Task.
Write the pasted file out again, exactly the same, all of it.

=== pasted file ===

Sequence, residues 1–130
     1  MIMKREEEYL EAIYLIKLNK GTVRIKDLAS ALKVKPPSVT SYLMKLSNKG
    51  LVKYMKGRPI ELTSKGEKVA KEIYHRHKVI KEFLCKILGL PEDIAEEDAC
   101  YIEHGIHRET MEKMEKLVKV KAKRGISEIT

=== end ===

Sequence, residues 1–130
     1  MIMKREEEYL EAIYLIKLNK GTVRIKDLAS ALKVKPPSVT SYLMKLSNKG
    51  LVKYMKGRPI ELTSKGEKVA KEIYHRHKVI KEFLCKILGL PEDIAEEDAC
   101  YIEHGIHRET MEKMEKLVKV KAKRGISEIT